While high-efficiency green and red emitting colors can be readily obtained by doping the commonly used guest materials, such as tris(8-ydroxyquinolinato) aluminum(Alq 3 ), a wider band gap host is essential for the efficient generation of a blue energygap host in order to obtain an efficient emission of blue dopant. Therefore, key technical issues for developing the deep blue OLEDs are not only finding the highly fluorescent deep blue dopant, but also appropriately matching the host material in order to enhance the probability of carrier recombination as well as the efficiency of Forster energy transfer from the host to the dopant molecule. There were a number of reports on the design and synthesis of dopants that are able to produce a deep blue photoluminescence [2] . However, due to the considerably blue-shifted absorption of these deep blue dopants, more suitable matching host materials, with sufficient spectral overlap for reasonably high Forster energy transfers, are needed in order to facilitate the generation of blue dopant emission with high efficiency, as well as the deep blue color [8] .
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Blue OLED structure and material configuration (a) fabricated blue OLED device structure (b) host and dopant material of blue OLEDs.
Blue emission is undoubtedly a basic element in achieving a perfect white emission and there has been much effort focused upon exploring blue-emitting materials and improving color purity and efficiency of blue OLEDs [9- 11] . Despite the fact that great progress has been made, much effort is still required to further improve the performance of the blue OLEDs, especially when considering efficiency, in order to meet the demands of display applications.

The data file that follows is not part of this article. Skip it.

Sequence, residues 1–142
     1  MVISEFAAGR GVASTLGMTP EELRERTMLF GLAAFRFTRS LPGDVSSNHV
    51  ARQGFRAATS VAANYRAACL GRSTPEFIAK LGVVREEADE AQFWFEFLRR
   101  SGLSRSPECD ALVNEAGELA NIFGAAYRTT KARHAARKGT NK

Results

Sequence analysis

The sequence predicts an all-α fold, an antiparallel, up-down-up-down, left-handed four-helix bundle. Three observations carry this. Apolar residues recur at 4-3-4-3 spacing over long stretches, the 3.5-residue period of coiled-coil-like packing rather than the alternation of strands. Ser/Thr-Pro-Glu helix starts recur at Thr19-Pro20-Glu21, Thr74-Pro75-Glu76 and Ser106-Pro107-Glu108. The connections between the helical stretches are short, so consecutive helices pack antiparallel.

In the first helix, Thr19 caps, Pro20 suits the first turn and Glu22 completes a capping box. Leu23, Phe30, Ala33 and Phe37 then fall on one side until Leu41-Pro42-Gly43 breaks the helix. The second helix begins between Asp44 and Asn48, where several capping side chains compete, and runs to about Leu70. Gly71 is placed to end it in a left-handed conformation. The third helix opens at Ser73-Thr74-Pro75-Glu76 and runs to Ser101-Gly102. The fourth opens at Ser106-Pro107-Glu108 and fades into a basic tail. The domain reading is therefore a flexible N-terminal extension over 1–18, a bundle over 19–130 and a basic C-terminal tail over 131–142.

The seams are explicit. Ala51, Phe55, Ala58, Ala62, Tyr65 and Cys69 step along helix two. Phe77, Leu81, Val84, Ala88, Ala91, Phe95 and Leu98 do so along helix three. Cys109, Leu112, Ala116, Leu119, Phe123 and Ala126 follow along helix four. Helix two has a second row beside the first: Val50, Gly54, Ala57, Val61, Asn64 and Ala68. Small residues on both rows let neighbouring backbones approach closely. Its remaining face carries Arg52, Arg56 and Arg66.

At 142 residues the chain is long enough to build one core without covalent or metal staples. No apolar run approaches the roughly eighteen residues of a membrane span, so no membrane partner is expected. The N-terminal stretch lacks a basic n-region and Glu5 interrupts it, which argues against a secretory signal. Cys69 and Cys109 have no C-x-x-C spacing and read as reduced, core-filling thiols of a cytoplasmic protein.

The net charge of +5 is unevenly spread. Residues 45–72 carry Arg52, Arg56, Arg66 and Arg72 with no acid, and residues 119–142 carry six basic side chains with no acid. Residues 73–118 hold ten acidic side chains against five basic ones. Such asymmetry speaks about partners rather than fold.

This work demonstrates deep blue OLEDs with a blue dopant of 4,4'-bis(9-ethyl-3-carbazovinylene)-1,1'-biphenyl (BCzVBi) within various host materials such as NPB, DPVBi and TPBi, and also discusses its two possible energy transfer mechanisms.
Indium tin oxide (ITO) coated glass was cleaned in an ultrasonic bath by a regular sequence, described as follows: in acetone, methanol, diluted water and isopropyl alcohol. Hereafter, precleaned ITO was treated by O 2 plasma under the following conditions: 2 × 10 -2 torr, 125 W during 2 minutes [12] . Blue OLEDs were fabricated using high vacuum (1.0 × 10 -7 torr) thermal evaporation and NPB, DPVBi, Alq 3 and BCzVBi and Liq and Al were deposited by evaporation rates of 1.0, 0.1, 0.1, 5.0 A/s, respectively.